No nation knows how to clamber on board a defeat quite like New Zealand to try to sink all those involved without a trace.
A loss for the All Blacks it seems can never be just that. The vagaries of sport can never explain an All Blacks loss apparently and the notion that Ireland simply played better on the day isn't sitting well with many.
Nor is everyone willing to believe that defeat in Dublin represents just one test loss.
Seemingly it is indicative or confirmation even that all is not well with the All Blacks and that they have been creaking and just about breaking for some time now.
Perspective might not be such a bad thing to inject at this point. Test matches are called test matches for a reason – they are a test of character, of resilience of creativity of whatever qualities are required to gain a victory and what may have been forgotten is that they are supposed to be hard.
Romping to big wins is supposed to be the exception not the norm and only the supremely arrogant would believe the All Blacks could go to Twickenham and rightfully expect to beat England with daylight between the two teams.
The margin of victory in tests is irrelevant – it is a win-or-lose scenario no more, no less. That the All Blacks won by a point says nothing other than they found a way to beat an excellent England side by a point.
That they did it on England's home turf where only one other team has won in the last three years, says the All Blacks have character and resilience and not that they are losing their touch because they beat Australia by heaps more.
The defeat in Dublin that followed confirmed the qualities of Ireland more than it did that the All Blacks are flailing.
Clearly, the All Blacks aren't quite right at the moment, but they are not fundamentally broken as some of the reactions would suggest.
They need to strike a better balance in their back three and get a better handle on whatever transition to their gameplan they have been trying to make.
They haven't quite found their attacking flow in the back half of the year – not against the best teams – but then again, they haven't been as contained as has been suggested.
They scored four tries in Pretoria and it was the way they found space and stretched England which generated their penalty opportunities.
And against Ireland, they created four clear-cut try-scoring chances. Three times they opened Ireland up and twice they blew the last pass and once they were denied a certain try by a truly heroic piece of covering by Peter O'Mahoney.
The All Blacks didn't get going the way they wanted, but nor were they impotent and without threat.
A bit of spit and polish and they could have won by a length as they botched an absolute sitter when Kieran Read couldn't gather his charge down of Jacob Stockdale's kick.
And Read is a topic in himself given the harsh judgement about his performance.
The inference from the post-match analysis is that the two big mistakes he made – the failure to gather the charge down and a terrible pass to no one when the All Blacks were in a promising spot – indicate that he's past it.
That's the sub-text coming through that Read's too old now, not the player he was or the player he needs to be to get the All Blacks through the World Cup next year.
Again, perspective is missing. He made two big errors but they shouldn't be attributed to age.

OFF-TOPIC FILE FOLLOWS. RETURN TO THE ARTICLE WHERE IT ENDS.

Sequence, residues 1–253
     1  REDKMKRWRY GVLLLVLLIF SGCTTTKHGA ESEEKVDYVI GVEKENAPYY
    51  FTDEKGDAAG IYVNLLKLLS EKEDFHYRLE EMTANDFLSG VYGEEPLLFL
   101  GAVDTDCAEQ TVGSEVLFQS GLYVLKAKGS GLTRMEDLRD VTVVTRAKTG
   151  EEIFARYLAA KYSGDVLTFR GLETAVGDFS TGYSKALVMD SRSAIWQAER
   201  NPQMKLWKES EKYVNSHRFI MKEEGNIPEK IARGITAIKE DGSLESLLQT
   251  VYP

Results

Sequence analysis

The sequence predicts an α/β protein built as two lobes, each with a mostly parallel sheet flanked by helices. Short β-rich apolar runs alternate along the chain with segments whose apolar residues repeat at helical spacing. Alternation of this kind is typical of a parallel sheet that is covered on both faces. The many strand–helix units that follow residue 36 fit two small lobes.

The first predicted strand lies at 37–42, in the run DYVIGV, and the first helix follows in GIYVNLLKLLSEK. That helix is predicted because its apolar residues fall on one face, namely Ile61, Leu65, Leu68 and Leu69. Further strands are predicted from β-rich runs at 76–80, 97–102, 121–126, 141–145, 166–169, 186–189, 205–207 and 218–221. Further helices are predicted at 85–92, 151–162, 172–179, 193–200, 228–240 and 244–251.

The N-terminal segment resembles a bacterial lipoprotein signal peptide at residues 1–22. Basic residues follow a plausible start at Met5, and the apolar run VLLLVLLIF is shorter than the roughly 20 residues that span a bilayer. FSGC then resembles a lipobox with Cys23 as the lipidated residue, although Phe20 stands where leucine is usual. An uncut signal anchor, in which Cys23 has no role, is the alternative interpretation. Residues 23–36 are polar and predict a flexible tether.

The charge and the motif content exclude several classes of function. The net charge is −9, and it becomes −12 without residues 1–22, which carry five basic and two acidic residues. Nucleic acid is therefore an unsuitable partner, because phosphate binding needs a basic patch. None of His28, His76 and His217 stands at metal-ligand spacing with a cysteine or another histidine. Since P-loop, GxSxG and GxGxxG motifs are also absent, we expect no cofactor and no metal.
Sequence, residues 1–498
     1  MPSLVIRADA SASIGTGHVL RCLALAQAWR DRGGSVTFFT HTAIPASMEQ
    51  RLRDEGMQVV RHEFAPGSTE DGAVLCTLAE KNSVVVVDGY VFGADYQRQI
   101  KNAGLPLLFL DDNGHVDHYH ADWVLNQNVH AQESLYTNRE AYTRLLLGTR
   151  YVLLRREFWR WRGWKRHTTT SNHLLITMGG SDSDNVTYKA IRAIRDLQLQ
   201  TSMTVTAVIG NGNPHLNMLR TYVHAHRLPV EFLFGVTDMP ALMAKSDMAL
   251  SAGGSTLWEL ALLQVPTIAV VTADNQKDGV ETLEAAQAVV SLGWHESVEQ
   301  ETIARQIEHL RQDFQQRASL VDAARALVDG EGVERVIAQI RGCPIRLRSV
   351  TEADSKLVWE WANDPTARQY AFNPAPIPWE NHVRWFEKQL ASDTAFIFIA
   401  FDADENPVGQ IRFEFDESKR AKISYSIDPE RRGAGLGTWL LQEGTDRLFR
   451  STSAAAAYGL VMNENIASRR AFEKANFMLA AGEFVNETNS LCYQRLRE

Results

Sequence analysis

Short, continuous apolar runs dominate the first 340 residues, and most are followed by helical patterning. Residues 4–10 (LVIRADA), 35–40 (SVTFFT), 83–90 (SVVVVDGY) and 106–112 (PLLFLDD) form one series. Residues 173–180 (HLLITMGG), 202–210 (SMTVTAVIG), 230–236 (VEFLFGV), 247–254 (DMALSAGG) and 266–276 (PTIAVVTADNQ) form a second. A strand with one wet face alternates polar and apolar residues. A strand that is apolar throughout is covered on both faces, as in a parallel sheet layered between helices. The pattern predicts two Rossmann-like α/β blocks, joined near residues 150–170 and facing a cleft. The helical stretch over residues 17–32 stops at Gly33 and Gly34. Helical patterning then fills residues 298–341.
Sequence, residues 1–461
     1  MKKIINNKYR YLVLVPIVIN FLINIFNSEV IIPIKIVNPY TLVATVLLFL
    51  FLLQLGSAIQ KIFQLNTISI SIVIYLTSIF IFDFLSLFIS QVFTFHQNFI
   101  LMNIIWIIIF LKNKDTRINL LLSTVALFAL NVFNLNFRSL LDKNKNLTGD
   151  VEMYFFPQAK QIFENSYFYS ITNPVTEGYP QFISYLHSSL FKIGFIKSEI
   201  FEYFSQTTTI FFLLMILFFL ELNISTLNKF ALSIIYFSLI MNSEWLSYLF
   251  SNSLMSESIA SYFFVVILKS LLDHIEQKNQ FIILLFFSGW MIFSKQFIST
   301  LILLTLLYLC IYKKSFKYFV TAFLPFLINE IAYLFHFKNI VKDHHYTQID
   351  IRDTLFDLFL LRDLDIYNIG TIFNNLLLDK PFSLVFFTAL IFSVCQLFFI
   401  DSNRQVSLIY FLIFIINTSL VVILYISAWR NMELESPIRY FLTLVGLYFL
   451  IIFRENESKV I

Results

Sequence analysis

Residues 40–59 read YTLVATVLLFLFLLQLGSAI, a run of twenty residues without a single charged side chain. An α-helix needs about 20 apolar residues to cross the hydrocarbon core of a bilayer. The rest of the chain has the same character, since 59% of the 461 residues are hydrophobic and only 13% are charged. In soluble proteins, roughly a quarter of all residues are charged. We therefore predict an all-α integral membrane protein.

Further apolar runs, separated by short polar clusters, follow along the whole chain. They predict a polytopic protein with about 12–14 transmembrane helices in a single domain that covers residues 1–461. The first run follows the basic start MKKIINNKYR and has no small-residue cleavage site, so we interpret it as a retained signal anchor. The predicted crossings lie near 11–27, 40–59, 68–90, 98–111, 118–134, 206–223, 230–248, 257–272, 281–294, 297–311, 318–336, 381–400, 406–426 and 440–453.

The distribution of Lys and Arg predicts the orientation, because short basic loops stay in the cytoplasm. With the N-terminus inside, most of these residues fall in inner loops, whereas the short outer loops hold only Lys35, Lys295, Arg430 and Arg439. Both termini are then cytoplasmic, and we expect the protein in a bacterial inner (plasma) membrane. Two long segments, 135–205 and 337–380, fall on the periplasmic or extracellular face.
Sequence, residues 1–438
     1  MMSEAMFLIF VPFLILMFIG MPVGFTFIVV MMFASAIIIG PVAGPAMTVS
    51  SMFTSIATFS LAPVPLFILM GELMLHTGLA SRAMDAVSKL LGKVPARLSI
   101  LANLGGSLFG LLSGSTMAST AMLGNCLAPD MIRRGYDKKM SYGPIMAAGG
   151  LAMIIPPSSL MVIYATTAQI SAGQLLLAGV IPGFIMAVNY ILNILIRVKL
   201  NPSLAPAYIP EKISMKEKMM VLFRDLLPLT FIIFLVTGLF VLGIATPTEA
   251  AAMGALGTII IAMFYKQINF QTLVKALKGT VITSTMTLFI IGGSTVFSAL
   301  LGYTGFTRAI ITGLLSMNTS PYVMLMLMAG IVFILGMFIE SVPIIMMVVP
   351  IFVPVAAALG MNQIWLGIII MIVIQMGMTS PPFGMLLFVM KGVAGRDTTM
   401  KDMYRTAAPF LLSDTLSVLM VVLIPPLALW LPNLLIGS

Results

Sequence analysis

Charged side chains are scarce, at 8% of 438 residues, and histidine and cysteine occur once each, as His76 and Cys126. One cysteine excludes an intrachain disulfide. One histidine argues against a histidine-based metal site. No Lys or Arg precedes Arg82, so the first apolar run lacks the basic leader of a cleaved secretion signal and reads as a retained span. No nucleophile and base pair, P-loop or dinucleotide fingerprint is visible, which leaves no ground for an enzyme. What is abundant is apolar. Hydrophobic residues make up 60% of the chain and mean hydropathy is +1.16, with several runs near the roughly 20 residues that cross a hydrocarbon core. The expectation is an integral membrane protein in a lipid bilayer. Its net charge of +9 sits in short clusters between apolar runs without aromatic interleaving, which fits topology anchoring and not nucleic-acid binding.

The All Blacks have taken a calculated risk to keep playing Read knowing he's not quite 100 per cent yet from major back surgery. But they believe he's on track to get there and turning up in all the places he's expected to be and doing everything that has been asked.
He'll forever be compared with the 2013 version of himself but his role has long been modified since then to suit the evolving needs of the team.
His predecessor, Richie McCaw, went through the same role evolution throughout his career and faced the same accusations a year out from a World Cup that he was on the slide.
McCaw proved the doubters wrong in 2015 and with Read likely to find some of his missing athleticism and agility in the pre-season, the All Blacks coaches have a high degree of confidence that the current skipper will deliver a similarly powerful finish to his career.
His performance in Dublin was otherwise strong. He was running as hard in the last minute as he was in the first.
He was always available and at no stage did he go missing. His work rate, fitness, willingness to be involved and lead by example – they were all apparent.
The attacking finesse was missing but so too was that the case when Beauden Barrett threw the ball to Rob Kearney, when Rieko Ioane tossed the ball wildly after making an electric break and when Brodie Retallick dropped the last pass of the game.
Accuracy and composure were missing in those critical moments across the team and not confined to Read.
He was outplayed by his opposite CJ Stander but that's what happens in big tests – sometimes the opposition have their day and why not confine the analysis to congratulating the Irish rather than castigating the All Blacks?
Read didn't have a great game but nor was he awful and what's maybe been missed in the hurry to throw him to the wolves is that he made a bold and decisive decision to kick for goal on 67 minutes.
There will be different views on whether it was the right or wrong call but the point surely is that he had the composure and certainty to make it, presumably calculating that the All Blacks would get the ball back and still have 12 minutes to score the points they needed.
Read was at the heart of the battle here he needed to be, he just didn't deliver on the accuracy and who knows, maybe he will lose his edge before the World Cup, but there is no reason to believe that right now.